Are Artificial Flavors Actually Bad For You? We Explain.

Senior Contributor
05.27.15 13 Comments

Yum! Brands

Pizza Hut and Taco Bell are both getting rid of artificial flavors and colors, in the latest splashy PR move by a food company. And just like Panera Bread, this is more for the publicity than the impact on public health. But at least the food’s going to be better.

So, I know artificial colors are bad for me…

Slow your roll, there. First of all, there are only seven artificial colors. While some artificial colors can cause allergic reactions, the claims that they cause cancer or trigger ADHD are at best weak or only the results of rat studies. That said, honestly, the allergy issue, while rare, is reason enough to pull them; they’re especially nasty if you have asthma.

…So is the same true of artificial flavorings?

Artificial colorings are tightly regulated and monitored. To contrast that with the flavors you put in your mouth, here’s the FDA’s definition of an artificial flavoring:

The term artificial flavor or artificial flavoring means any substance, the function of which is to impart flavor, which is not derived from a spice, fruit or fruit juice, vegetable or vegetable juice, edible yeast, herb, bark, bud, root, leaf or similar plant material, meat, fish, poultry, eggs, dairy products, or fermentation products thereof.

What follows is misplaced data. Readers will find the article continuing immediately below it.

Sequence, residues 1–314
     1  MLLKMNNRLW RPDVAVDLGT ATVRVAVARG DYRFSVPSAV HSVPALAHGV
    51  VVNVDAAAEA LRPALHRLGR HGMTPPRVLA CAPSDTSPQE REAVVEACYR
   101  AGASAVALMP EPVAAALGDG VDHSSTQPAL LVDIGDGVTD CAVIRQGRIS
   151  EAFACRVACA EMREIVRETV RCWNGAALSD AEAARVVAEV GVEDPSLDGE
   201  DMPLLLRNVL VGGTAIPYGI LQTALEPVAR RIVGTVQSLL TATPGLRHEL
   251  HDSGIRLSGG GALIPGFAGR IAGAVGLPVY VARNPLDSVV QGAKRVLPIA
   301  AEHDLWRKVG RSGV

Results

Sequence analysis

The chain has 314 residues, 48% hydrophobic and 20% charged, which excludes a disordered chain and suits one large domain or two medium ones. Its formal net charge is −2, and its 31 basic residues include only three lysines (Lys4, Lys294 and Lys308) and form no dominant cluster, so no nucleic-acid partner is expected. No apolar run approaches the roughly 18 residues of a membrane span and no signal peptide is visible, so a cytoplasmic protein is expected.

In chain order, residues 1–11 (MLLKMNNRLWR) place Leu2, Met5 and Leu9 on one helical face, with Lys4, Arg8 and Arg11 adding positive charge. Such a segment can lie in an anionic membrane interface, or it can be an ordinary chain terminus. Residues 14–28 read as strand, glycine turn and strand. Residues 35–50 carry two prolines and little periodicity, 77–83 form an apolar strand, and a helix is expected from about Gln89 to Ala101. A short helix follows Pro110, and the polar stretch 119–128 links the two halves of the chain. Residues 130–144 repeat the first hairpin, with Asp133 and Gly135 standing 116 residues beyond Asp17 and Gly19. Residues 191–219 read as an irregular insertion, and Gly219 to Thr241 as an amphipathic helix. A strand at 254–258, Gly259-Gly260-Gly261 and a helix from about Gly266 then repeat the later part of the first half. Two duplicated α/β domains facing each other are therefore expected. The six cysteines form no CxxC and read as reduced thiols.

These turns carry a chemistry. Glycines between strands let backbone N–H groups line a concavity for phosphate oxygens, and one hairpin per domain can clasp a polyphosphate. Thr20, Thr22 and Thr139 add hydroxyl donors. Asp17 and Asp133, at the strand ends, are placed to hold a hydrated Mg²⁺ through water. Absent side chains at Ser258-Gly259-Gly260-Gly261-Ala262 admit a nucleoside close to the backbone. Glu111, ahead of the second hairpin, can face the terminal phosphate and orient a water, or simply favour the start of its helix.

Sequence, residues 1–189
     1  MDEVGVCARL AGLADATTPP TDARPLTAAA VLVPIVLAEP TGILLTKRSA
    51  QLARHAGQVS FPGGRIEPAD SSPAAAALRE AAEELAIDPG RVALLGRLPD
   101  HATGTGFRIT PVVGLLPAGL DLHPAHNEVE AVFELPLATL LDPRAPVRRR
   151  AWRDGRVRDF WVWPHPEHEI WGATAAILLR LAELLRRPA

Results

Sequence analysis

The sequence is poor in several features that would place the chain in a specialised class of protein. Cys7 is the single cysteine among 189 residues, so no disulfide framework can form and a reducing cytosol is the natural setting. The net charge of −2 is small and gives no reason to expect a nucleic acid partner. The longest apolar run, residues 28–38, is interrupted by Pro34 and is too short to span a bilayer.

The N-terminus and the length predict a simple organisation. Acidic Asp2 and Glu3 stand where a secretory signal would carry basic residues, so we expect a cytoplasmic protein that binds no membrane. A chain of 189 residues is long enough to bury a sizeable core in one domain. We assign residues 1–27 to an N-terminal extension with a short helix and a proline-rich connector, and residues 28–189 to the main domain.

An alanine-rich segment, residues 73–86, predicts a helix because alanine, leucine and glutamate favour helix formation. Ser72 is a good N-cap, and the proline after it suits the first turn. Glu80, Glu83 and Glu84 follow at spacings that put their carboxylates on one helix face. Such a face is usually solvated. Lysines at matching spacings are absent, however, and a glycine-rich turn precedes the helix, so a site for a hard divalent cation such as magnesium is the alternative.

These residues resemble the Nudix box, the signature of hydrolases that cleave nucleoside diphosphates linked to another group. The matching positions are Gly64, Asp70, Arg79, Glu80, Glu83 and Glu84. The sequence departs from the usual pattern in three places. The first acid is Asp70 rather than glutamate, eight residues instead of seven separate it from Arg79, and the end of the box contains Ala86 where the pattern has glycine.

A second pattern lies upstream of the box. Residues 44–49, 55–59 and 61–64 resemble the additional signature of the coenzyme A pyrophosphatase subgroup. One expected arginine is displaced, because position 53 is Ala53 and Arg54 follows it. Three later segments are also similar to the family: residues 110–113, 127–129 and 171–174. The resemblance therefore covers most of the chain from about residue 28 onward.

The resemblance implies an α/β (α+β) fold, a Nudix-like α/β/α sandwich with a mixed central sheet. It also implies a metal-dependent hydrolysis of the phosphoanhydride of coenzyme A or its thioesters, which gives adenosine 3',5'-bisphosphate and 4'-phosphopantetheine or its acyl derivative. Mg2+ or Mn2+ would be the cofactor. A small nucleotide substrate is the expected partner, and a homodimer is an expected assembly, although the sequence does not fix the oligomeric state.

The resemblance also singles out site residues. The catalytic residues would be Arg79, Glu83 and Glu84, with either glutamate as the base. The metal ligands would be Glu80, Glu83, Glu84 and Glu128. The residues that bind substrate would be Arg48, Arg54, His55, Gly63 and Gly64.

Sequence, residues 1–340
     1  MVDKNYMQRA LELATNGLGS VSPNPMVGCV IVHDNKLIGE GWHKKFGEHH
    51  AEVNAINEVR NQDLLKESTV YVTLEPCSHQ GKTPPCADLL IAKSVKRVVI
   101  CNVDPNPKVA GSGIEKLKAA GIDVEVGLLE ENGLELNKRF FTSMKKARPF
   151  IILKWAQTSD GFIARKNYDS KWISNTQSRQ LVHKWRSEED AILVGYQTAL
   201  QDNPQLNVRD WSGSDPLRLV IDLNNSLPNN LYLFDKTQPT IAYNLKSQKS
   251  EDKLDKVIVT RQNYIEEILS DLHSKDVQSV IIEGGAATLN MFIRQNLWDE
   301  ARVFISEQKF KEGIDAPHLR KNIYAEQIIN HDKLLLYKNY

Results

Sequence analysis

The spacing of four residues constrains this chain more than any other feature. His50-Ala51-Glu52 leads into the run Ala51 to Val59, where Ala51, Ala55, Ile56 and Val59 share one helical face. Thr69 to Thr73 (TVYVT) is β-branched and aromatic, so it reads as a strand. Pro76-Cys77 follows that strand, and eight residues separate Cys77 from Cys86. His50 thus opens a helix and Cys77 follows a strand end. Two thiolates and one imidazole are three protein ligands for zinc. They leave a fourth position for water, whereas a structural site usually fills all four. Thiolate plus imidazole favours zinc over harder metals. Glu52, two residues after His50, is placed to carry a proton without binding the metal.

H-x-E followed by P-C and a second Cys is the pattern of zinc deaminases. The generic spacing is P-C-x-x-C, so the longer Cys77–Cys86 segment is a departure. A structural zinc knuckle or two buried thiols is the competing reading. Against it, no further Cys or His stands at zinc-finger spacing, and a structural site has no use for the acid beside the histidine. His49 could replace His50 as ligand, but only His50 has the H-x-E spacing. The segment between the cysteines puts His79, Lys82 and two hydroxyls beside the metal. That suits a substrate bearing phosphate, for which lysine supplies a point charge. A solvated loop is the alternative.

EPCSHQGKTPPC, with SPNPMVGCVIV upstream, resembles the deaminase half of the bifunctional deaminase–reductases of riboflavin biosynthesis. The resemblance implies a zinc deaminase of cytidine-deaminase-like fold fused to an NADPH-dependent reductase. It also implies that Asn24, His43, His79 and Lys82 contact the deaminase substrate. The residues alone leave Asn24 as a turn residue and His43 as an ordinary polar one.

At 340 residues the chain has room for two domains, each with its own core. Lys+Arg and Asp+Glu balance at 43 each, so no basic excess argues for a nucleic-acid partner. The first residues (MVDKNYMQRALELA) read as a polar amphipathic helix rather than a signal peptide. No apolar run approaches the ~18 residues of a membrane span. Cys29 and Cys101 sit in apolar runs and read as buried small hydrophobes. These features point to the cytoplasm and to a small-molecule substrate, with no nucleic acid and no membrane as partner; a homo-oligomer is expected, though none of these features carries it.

Basically, an artificial flavoring is anything designed to taste good that doesn’t come from nature. If that sounds overly broad and vague, why, it is! This is why it’s legal to feed you the secretions from a beaver’s butthole and call it a natural ingredient.

Wait, I thought you said this was good for the food!

It is. Most of the examples offered up are: For example, Taco Bell using actual pepper to season the meat instead of pepper flavoring. Pepper flavoring is probably harmless, but using actual pepper is just better form. I doubt there’s going to be anything quite on the level of beaver secretions put into the food at Yum! Brands.

Also, they’re going to stop using palm oil. That’s a big deal for the environment, and a move to be applauded.

So why didn’t they just say “Hey, we’re using more real ingredients in our food!”?

This is flashier? Either way, expect the food to improve. Or at least have more ingredients you recognize in it.

(Via, Greenpeace and Michigan News)

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